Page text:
Japan in January

For those who are going to Tokyo, check out the Dezome-shiki, which is also known as the New Year’s Parade of Firemen. This parade takes place on January 6, 2014. The Tokyo Fire Department organizes the event, which is held in order to pray for a safe year for the department. More than 100 fire trucks and fire engines are on display along with some very acrobatic firemen doing things in a more ‘traditional way’.

The ‘Dosojin’ matsuri or ‘Fire festival’ is held in the traditional ski resort of Nozawa Onsen in the middle of the Japanese Alps. The festival is held every year around January 13/15th and consists of wood, fire and lots of sake. The 25 and 42 year old men of the village construct a wooden ‘shrine’. The 42 year olds sit on top of the structure, the 25 year olds guard the structure and all the other men of village try and burn it down. Quite insane.

Bonden Sai
Head to Akita on January 17, 2014 for the Bonden-sai. Also known as the Bonden Festival, this event is a contest that celebrates the person who reaches the sacred mountain first with their Bonden in hand. A Bonden is a large sacred wand that is said to represent the gods descending into the human world.

This is an exciting time of the year, filled with local festivals and cultural events that showcase the customs and traditions of this ancient land. January is the perfect time to see the sights of Japan and visit all of the famous tourist attractions (comparatively empty compared to other times of year), while also enjoying some of the more unique, local festivals that only come once a year. Crisp blue skies, empty temples and gardens, culture in abundance – Winter is the new Spring!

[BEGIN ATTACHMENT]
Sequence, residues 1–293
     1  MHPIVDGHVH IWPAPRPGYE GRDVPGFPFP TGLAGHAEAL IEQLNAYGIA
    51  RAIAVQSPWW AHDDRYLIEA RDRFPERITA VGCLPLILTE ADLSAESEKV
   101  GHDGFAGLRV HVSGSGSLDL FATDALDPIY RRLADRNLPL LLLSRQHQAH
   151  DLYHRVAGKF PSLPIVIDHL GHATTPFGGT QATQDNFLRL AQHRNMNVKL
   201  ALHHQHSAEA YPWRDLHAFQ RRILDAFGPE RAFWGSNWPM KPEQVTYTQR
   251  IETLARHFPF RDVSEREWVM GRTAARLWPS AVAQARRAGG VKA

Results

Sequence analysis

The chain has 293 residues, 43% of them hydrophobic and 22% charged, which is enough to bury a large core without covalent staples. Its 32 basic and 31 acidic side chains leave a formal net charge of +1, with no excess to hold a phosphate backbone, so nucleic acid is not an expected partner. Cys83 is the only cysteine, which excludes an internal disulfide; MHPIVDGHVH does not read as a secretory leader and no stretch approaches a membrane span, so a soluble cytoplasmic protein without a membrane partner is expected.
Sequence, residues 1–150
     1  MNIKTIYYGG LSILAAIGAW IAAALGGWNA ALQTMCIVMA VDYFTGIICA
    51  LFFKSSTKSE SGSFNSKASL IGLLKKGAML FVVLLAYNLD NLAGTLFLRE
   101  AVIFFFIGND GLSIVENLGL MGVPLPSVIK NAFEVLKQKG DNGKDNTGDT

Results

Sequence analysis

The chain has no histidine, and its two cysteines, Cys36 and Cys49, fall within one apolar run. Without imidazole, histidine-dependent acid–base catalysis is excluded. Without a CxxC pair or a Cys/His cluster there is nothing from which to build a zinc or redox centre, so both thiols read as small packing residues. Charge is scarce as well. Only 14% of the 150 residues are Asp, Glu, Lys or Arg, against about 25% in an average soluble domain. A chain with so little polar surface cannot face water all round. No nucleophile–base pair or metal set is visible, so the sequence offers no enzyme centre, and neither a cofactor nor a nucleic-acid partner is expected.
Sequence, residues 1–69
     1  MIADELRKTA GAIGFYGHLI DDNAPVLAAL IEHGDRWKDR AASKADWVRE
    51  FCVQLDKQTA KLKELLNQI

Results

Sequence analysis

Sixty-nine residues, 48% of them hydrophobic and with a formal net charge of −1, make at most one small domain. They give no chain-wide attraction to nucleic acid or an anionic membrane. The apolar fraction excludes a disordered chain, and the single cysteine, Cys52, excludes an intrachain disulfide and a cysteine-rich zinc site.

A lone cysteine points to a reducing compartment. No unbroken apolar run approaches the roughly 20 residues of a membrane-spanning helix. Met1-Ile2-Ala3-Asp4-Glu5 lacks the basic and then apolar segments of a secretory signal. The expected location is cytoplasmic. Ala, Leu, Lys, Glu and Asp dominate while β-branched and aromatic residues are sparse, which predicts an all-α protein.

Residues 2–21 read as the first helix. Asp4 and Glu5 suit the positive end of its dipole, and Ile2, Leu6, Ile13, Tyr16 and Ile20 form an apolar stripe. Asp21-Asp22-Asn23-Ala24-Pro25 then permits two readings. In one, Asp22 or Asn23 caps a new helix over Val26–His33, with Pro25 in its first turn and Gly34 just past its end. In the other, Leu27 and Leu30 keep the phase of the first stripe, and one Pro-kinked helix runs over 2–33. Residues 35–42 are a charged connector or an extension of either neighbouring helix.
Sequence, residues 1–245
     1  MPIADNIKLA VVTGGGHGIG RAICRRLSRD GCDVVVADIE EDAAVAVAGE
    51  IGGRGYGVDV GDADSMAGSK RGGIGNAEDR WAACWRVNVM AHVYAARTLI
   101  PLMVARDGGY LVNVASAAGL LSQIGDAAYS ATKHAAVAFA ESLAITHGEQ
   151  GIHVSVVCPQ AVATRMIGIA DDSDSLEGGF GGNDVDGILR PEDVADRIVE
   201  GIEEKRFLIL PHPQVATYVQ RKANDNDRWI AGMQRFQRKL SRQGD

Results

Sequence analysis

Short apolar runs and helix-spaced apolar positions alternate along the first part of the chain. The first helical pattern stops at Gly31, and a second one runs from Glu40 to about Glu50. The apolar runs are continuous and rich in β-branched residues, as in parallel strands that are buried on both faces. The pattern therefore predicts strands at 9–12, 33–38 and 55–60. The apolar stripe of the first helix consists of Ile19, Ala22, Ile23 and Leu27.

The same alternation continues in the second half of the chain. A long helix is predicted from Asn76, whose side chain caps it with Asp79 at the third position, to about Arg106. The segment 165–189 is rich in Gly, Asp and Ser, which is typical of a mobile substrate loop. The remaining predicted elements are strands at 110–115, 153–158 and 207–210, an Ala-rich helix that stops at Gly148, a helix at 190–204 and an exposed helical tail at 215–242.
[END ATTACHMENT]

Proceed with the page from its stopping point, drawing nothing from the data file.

Horsing around in the Year of the Horse – Japan

Year of the Horse

Akemashite Omedetou Gozaimasu!!!…or Ake Ome if you are a bit cooler. Another year has been and gone and the 12 year cycle of the Chinese Zodiac makes this year, the Year of the Horse. The horse is a symbol of power in Japan, but is also believed to be defined by hard work and self reliance – very apt for Japan and the intentions of the Abe government. Those who were born in the Year of the Horse will be in their element this year. Anything with any connection to the horse is considered lucky. Here are my suggestions for potential horse related  highlights in 2014.


Hakuba ‘White Horse’
Hakuba is one of Japan’s most famous ski resorts in Japan. The Kanji characters literally mean ‘White Horse’. This Nagano ski resort is already reporting perfect ski conditions in the Alps  - could this be the best ever year?…maybe.

Oze, Gunma

Gunma ‘Herd of Horses’
Rural Gunma sits in the middle of the mountains a couple of hours north of Tokyo. In fact it was my home. It isn’t known for much apart from its hot spring baths and Konyaku root vegetable. It actually has some stunning destinations and allows foreigners to discover a chunk of rural, real Japan. They also have a cute little mascot called Gunma Chan. This could be Gunma’s year.

Kumamoto ‘Origin of the Bear’
OK, so Kumamoto (lit. Origin of the Bear) relates to bears and the Kumamon city mascot is testament to that having generated an estimated 12 billion yen for the city over the last couple of years. Bears have got nothing to do with horses. However, one of Kumamoto’s Meibutsu (specialities) is ‘Basashi’ or raw horse. Horse meat is very healthy and tender and I am sure there is some school of thought suggesting that eating horse in the Year of the Horse is an extra good thing.